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From boardroom to classroom Allison K. Sampite | Sat, Jun 04 2011 12:00 PM

Chula Vista resident Susana Stevens gave up a lucrative career as an executive in Mexico to give back to her people.

"You get to a point in your life when you want something more rewarding," she said.

Stevens took a 30 percent pay cut several years ago when she decided to follow her heart.

Stevens grew up in Mexico, her father a Mexican naval officer. When she was in the second grade her family moved to Maryland so her father could serve as a diplomat representative of the Mexican Navy.

"I had to go to school when there was no bilingual education," Stevens said. "It was hard for me to be in a classroom where no one spoke Spanish. It was very traumatic for me."

Stevens said it was that single experience that led her to stop climbing the corporate ladder.

"I reflect back on that and thought if I can help students learn English as a second language I could help them not go through what I did," she said. "I believe in order for you to acquire a second language you need to be in a non threatening situation."

Stevens met her husband Caleb while working at a power supply company in Tijuana. Starting off as a recruiter, she quickly became a personnel supervisor and within three years she was a human resources manager.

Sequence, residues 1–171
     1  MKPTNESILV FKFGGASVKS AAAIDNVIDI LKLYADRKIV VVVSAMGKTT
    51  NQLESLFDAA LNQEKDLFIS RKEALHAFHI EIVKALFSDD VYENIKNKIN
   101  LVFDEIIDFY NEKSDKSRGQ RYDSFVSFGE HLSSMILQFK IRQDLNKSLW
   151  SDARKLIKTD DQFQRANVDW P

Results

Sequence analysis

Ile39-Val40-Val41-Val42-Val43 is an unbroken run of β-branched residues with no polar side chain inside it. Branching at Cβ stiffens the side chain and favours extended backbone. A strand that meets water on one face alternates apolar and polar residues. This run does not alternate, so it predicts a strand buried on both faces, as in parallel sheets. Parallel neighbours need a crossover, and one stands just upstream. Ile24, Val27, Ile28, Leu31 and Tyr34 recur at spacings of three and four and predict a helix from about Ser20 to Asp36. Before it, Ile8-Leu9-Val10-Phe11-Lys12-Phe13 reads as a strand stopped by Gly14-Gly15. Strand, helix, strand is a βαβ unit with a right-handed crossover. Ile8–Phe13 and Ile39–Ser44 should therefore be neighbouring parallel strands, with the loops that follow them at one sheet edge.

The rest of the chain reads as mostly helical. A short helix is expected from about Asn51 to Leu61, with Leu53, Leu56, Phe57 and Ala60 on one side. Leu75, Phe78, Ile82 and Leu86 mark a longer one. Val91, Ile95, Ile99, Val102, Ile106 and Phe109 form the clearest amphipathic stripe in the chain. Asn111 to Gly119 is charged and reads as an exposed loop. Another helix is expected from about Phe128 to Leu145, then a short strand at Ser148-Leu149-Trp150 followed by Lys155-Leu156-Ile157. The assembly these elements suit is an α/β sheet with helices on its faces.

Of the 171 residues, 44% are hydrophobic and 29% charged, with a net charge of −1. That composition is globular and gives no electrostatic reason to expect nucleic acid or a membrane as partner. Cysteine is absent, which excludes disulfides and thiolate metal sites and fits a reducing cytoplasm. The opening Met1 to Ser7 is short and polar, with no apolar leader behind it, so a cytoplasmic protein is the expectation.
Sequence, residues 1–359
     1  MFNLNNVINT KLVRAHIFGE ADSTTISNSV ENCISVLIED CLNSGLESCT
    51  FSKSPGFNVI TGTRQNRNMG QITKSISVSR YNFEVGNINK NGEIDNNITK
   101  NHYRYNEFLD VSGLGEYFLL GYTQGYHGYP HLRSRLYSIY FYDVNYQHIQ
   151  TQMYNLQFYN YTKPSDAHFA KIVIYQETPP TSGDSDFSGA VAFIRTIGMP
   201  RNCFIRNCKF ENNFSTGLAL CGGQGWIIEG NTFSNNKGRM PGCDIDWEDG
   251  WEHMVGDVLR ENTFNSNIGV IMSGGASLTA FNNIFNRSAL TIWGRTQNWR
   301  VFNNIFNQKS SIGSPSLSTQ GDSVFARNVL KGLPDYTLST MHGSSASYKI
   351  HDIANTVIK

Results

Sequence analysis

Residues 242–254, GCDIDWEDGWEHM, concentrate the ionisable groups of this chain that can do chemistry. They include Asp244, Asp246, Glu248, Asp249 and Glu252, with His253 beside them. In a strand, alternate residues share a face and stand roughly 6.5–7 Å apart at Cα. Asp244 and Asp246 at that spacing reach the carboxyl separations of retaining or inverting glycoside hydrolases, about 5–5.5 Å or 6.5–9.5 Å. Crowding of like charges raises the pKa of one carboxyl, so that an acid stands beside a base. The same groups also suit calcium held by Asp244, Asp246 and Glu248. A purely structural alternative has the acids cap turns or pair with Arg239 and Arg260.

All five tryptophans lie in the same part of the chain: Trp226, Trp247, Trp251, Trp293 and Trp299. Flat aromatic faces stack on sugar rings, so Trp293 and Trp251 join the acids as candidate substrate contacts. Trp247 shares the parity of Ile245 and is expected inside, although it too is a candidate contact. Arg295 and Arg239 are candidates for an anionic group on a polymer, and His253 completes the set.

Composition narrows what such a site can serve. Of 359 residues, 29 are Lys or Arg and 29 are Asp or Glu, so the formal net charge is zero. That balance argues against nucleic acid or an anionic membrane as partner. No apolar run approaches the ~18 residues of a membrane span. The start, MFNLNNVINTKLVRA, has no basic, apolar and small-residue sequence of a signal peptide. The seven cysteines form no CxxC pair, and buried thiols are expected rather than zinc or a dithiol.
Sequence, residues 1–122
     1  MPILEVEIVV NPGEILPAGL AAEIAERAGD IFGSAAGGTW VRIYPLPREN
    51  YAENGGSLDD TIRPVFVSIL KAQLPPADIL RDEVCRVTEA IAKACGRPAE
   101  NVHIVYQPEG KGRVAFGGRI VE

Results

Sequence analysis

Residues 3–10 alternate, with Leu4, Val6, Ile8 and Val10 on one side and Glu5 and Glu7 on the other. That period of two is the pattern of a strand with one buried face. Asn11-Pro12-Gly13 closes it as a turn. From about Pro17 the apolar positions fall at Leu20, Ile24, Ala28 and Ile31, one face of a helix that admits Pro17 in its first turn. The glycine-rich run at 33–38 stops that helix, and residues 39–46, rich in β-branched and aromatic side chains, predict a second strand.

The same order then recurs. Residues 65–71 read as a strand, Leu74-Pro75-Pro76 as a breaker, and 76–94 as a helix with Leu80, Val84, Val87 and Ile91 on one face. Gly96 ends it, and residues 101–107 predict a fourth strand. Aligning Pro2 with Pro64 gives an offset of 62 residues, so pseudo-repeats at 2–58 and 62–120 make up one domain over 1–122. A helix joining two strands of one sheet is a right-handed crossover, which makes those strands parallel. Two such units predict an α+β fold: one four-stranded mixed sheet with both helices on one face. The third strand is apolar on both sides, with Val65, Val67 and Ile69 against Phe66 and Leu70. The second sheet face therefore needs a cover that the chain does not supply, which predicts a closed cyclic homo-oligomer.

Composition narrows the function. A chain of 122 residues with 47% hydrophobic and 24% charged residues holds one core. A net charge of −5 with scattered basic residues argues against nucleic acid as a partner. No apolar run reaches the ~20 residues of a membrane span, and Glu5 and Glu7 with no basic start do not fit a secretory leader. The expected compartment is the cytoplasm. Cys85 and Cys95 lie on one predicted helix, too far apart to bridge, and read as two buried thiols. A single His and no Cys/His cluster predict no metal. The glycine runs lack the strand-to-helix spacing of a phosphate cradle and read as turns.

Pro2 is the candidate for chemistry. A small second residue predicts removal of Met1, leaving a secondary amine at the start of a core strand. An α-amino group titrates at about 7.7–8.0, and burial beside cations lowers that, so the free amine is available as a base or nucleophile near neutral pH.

"I was working very hard, always going beyond my position," Stevens said.

Stevens later graduated from the University of Guadalajara with a degree in psychology and went on to get a master's degree in bilingual education as well as a California teaching credential.

In her late 40s, Stevens moved to the United States and has lived in Chula Vista for the last 15 years, where she took another corporate-type job but soon grew restless.

"I wanted a change," she said.

Stevens has taught at Central Elementary School in Imperial Beach for the last five years and currently teaches fifth grade.

"Being a teacher is very rewarding because I see what students are learning each day and how they are growing," she said.

Stevens has trained in several programs to help her students transition from one language to another.

"Right now I'm doing a program I am very proud of because I see a lot of progress from the students," she said. "I am very encouraged because we are providing the students with a setting that they are comfortable with."

Armando Lopez is Stevens' principal at Central.

He said Stevens works hard to teach Spanish speakers English. "She users her background to help students and works hard to master strategies," he said.

Lopez said that Central's goal is to transition students effectively into English-speaking classes.

Stevens said she would like to continue teaching until she retires. "Sometimes my kids come back to me and thank me for teaching them English, which gives me hope," Stevens said. "This keeps me going and gives me all the energy I need."

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